A spokesman for the L.A. City Attorney's Office disagrees with that interpretation, saying the city charter only allows an appointed successor to serve until June 30, 2019 — meaning the school district would have to call a special election sometime before then, most likely in March 2019.
But Holmquist said L.A. Unified attorneys point out the charter also says the city should "consolidate" a special school board election with the municipal primary and general elections "next following the appointment;" it's too late to put a special election on the November 2018 ballot, and L.A. isn't having municipal elections again until 2020.
In a statement of her own, board member Kelly Gonez did not comment on how she hoped to fill Rodriguez's seat.
"There will of course be questions about what happens next," Gonez said in a separate statement, "and those will be answered in due time. In the meantime, I hope that we can work to restore the public's trust in the process."
Depending on who replaces Rodriguez, his departure could leave L.A. Unified's new superintendent in a more precarious position.
Some would not accept a district superintendent's job without a unanimous or near-unanimous vote of the school board. But with Rodriguez gone, Beutner is left with a mere majority of board members who voted to hire him. Even Gonez, who ultimately voted for Beutner, expressed some reservations about giving him the job. The two remaining board members were vocal in their criticism of Beutner's selection.
However board members move to fill Rodriguez's seat, the process is likely to be hotly-contested. A special election would be divisive — and perhaps just as expensive as the 2017 board elections, which set records for independent campaign spending.
Similarly, appointing a replacement for Rodriguez would require the board to reach a consensus, and with Rodriguez gone, the board is politically divided: three board members have the charter association's backing and the other three were endorsed by L.A.'s main teachers union, United Teachers Los Angeles.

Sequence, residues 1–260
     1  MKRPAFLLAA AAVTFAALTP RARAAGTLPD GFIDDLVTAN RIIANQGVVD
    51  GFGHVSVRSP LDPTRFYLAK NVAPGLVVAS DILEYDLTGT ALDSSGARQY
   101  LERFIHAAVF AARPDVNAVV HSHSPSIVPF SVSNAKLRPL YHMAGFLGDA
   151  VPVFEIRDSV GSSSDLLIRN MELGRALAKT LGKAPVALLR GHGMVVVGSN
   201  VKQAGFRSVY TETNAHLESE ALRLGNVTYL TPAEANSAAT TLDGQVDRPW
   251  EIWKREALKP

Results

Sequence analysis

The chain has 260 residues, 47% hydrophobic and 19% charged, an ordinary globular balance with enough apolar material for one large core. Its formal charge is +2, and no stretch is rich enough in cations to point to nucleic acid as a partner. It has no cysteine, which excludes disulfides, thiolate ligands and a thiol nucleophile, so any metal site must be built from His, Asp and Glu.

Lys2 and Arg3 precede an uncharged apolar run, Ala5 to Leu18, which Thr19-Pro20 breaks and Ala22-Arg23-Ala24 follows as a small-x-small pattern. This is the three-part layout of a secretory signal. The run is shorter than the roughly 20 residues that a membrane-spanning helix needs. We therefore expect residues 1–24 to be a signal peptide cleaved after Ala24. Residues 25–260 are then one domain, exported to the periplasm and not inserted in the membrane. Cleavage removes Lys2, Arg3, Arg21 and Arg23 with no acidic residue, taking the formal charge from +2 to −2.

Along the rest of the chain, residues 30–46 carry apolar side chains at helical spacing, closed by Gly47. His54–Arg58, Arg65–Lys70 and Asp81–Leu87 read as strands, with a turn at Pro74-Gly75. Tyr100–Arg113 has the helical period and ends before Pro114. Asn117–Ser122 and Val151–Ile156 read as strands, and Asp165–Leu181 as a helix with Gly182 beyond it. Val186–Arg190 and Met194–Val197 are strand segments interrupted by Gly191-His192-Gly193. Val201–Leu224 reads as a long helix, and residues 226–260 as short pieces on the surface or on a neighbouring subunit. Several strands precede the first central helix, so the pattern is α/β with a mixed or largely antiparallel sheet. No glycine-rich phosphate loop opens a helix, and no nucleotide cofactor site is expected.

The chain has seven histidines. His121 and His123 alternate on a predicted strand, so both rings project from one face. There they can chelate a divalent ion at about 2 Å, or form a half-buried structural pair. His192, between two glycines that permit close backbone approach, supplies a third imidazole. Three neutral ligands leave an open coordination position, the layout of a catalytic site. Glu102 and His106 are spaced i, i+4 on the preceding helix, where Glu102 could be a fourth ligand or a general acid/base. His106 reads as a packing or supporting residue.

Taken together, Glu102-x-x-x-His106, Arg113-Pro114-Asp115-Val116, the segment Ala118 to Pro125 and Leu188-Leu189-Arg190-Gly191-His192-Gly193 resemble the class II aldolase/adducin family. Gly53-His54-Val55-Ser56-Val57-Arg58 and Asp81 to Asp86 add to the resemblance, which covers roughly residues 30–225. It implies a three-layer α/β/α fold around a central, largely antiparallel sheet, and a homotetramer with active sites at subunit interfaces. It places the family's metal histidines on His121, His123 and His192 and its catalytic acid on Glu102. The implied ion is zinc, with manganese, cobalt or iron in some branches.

HOW WILL THIS CHANGE THE LAUSD BOARD?
This loose "pro-charter majority" coalition of charter-backed members has not always voted in lockstep. But the coalition was at its most cohesive when board members had to vote on nominations. In July 2017, the four charter-backed members overruled the three UTLA-endorsed board members in naming Rodriguez to be the board's president.
After Rodriguez relinquished the board presidency in September, the three union-endorsed board members voted against the nomination of the current president, Mónica García. Other nomination fights have broken along these factional lines.
On other matters of policy, it's not clear how Rodriguez's departure will impact the L.A. Unified board's decision-making.
The "pro-charter majority" had shown it would not be inclined to grant every request charter schools made. For instance, in October, the board unanimously rejected a renewal for a charter school that had attempted to push back on some of the district regulations many more charters found to be overly burdensome.
In November, though, the board's pressure was key in striking a compromise on those charter regulations — a compromise that critics have painted as a cave-in to charter school interests.
The L.A. Unified board has cast consequential votes that cross these factional lines as well. In April, the board voted unanimously to re-write the district's rules for determining which schools should get extra money in their budgets to help ensure some of the most vulnerable students are educated.
Teachers union leaders said many of those votes are now tainted. On Monday, UTLA president Alex Caputo-Pearl called on the board to revisit — or perhaps even throw out completely — "all 4-3 votes where Rodriguez cast the deciding vote."
Caputo-Pearl said his statement would include a controversial 4-3 decision made in closed session — he would call it a "vote," others might disagree — to open contract talks that lead to Beutner's hiring.
"Every vote [Rodriguez] made on the school board," Caputo-Pearl's statement read, "was not in the interest of students or parents of LAUSD. He carried out the wishes of the wealthy elite, including the CEO of Netflix" — Reed Hastings, who donated $75,000 to Rodriguez's legal defense — "and the billionaire-backed California Charter Schools Association."
From Bennett Kayser's perspective, the damage has already been done. Kayser, a noted opponent of charter schools, was the school board incumbent Rodriguez ousted in 2015 after a bitterly-fought campaign.
"Ref Rodriguez cheated the voters and hid the facts behind his illegitimate campaign win," Kayser said in a written statement Friday, after word of a possible deal first trickled out.
"In the meantime," Kayser added, "Ref Rodriguez represented a compromised vote on multiple critical decisions ... Justice delayed has hurt the voters, our school district, and most importantly, our children."
This post was updated at 4:30 p.m. on Tues., July 24, with more specific information on the process of filling a school board vacancy.